Who defines us?
Are we defined by others or by ourselves or both; by our roles and responsibilities; by our actions and reactions; by our feelings and emotions; by our hopes and fears; by society and culture; by our age?
The most powerful hypnotic suggestion in the world consists of three words. It is not just hypnotherapists that use this suggestion. They are often called upon to provide the antidote, after the suggestion has been accepted and has spread throughout the clients psyche and world. Three little words that are often delivered without a lot of thought...a throw away comment...an exasperated, tired or cross response. Its lands...it settles...it grows...it spreads...entering into our belief system...creating a belief system...it becomes part of us...we become it...then it becomes our reality...it takes over our map...and projects onto our territory.
First we hear it from others, then we own it, then it owns us.
Those words...You are _________ (fill in the gap).
In a study it was discovered that a child's mind closed for learning after hearing "you're so clever", because for them then the loop was closed, the target reached.
As we accept them, integrate the labels, they can either free us or chain us.
As we wonder about who we think we are, we can ask ourselves if that still fits.
Originally Published by UKCP: 02/04/2015
UKCP successfully lobby NICE to change policy on depression guideline development group
As a result of lobbying by UKCP and other professional bodies, counsellors and psychotherapists are now recognised as eligible to apply to join the NICE guideline development group.
Work by UKCP, the British Association for Counselling and Psychotherapy, the British Psychoanalytic Council and the Tavistock Centre for Couple Relationships has led to NICE changing its original decision to exclude counsellors and psychotherapists from the list of professions encouraged to join the guideline development group charged with revising the 2009 Depression in Adults guideline.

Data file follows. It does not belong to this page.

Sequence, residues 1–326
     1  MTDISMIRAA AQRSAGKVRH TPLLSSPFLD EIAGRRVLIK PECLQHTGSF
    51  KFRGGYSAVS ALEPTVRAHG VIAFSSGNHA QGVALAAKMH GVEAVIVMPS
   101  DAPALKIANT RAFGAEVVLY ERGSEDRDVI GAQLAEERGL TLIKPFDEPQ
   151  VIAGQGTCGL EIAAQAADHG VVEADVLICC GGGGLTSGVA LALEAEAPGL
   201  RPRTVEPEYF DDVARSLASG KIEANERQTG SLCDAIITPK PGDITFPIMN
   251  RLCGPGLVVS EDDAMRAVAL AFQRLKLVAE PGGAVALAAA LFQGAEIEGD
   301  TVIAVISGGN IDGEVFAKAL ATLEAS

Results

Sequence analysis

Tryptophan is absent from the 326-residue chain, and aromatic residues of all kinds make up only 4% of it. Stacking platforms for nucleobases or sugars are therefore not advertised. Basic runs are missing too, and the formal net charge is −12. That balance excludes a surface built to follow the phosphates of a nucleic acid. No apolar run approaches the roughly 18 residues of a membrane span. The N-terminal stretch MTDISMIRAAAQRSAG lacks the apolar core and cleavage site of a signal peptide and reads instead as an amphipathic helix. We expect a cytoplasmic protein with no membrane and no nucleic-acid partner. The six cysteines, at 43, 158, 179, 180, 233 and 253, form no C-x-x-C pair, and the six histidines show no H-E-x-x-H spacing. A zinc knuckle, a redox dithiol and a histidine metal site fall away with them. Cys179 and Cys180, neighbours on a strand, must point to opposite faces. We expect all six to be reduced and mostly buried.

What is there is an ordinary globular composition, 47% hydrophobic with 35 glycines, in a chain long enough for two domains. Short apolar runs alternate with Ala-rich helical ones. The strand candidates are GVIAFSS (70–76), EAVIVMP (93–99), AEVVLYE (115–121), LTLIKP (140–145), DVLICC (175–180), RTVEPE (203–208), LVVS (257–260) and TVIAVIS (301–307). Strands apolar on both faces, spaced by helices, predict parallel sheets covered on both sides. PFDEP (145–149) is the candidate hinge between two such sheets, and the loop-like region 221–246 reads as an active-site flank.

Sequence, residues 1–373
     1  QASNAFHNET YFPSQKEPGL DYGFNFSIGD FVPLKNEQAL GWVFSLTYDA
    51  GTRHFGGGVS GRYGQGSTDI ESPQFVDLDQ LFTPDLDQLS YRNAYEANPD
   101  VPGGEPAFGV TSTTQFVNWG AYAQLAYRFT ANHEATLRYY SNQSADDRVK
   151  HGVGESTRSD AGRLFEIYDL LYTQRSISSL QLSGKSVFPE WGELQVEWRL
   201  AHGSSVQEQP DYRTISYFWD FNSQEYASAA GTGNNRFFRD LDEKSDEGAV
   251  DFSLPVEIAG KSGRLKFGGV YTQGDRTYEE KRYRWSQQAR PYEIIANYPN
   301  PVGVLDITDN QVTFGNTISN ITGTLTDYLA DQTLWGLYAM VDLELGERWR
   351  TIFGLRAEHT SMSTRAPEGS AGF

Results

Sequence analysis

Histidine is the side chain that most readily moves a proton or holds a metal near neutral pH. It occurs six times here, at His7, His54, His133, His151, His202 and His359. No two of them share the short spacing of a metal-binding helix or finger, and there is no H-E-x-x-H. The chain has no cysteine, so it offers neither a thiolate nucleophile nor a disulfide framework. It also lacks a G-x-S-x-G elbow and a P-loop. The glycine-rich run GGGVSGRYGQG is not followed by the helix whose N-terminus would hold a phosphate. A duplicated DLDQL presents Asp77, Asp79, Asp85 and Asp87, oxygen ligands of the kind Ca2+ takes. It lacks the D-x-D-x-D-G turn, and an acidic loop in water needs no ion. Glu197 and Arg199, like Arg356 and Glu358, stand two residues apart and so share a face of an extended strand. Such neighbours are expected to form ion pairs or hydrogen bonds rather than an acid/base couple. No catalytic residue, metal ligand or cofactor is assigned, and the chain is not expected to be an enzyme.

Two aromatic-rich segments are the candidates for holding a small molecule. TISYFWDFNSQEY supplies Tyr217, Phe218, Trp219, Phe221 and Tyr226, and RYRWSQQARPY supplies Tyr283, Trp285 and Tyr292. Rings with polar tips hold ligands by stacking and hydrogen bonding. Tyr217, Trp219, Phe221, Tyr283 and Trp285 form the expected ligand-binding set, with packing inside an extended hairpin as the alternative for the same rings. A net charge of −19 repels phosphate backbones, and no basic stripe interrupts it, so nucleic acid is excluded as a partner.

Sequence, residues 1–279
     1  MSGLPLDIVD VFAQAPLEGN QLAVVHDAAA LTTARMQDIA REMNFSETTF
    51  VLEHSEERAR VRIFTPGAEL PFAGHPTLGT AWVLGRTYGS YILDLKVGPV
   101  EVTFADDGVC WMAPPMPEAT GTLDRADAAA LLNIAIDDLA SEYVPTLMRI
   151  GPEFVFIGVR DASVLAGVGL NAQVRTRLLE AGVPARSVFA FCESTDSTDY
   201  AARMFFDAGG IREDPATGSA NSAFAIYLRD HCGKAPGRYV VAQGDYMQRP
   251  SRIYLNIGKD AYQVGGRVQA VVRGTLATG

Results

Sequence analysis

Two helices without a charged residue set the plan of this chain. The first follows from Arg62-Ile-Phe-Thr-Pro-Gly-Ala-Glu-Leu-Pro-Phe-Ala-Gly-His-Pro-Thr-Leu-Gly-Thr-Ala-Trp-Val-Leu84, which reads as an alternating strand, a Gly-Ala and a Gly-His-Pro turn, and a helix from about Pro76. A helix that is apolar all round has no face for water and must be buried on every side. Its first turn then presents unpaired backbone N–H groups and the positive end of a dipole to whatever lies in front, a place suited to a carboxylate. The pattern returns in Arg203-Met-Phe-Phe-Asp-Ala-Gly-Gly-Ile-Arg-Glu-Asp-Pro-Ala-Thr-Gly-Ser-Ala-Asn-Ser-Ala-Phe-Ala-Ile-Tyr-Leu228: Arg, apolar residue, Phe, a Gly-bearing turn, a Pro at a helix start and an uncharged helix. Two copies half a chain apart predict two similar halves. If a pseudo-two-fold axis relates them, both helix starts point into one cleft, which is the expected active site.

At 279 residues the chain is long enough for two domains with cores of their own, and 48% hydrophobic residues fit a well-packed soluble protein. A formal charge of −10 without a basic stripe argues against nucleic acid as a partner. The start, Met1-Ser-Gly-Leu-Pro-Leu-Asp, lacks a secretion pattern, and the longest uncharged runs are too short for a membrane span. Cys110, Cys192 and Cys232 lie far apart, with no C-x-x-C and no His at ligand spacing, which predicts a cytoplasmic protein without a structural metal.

In our letter to NICE, we highlighted that the proposed list of professionals for the development of the guidelines didn’t include either a psychotherapist or a counsellor despite both professions being more involved in the treatment of depression than any other professional grouping.
The letter also highlighted NICE’s responsibility to ensure its guideline development groups reflect, as far as is practically possible, the views and experiences of the range of stakeholders and groups whose activities, services or care will be covered by the guideline.
NICE’s amendment to the fifth item on the list now means that professionals who are counsellors or psychotherapists will be able to apply to join the guideline development group without, as NICE had originally stated, having to be either a clinical psychologist or psychiatrist as well.
The professions of ‘counsellor’ and ‘psychotherapist’ should never have been omitted in the first place, and this oversight is one we took to NICE in the strongest possible terms.
We would encourage members with an expertise in working with depression to consider applying to join the group. If you would like any advice or support in doing so please contact email@example.com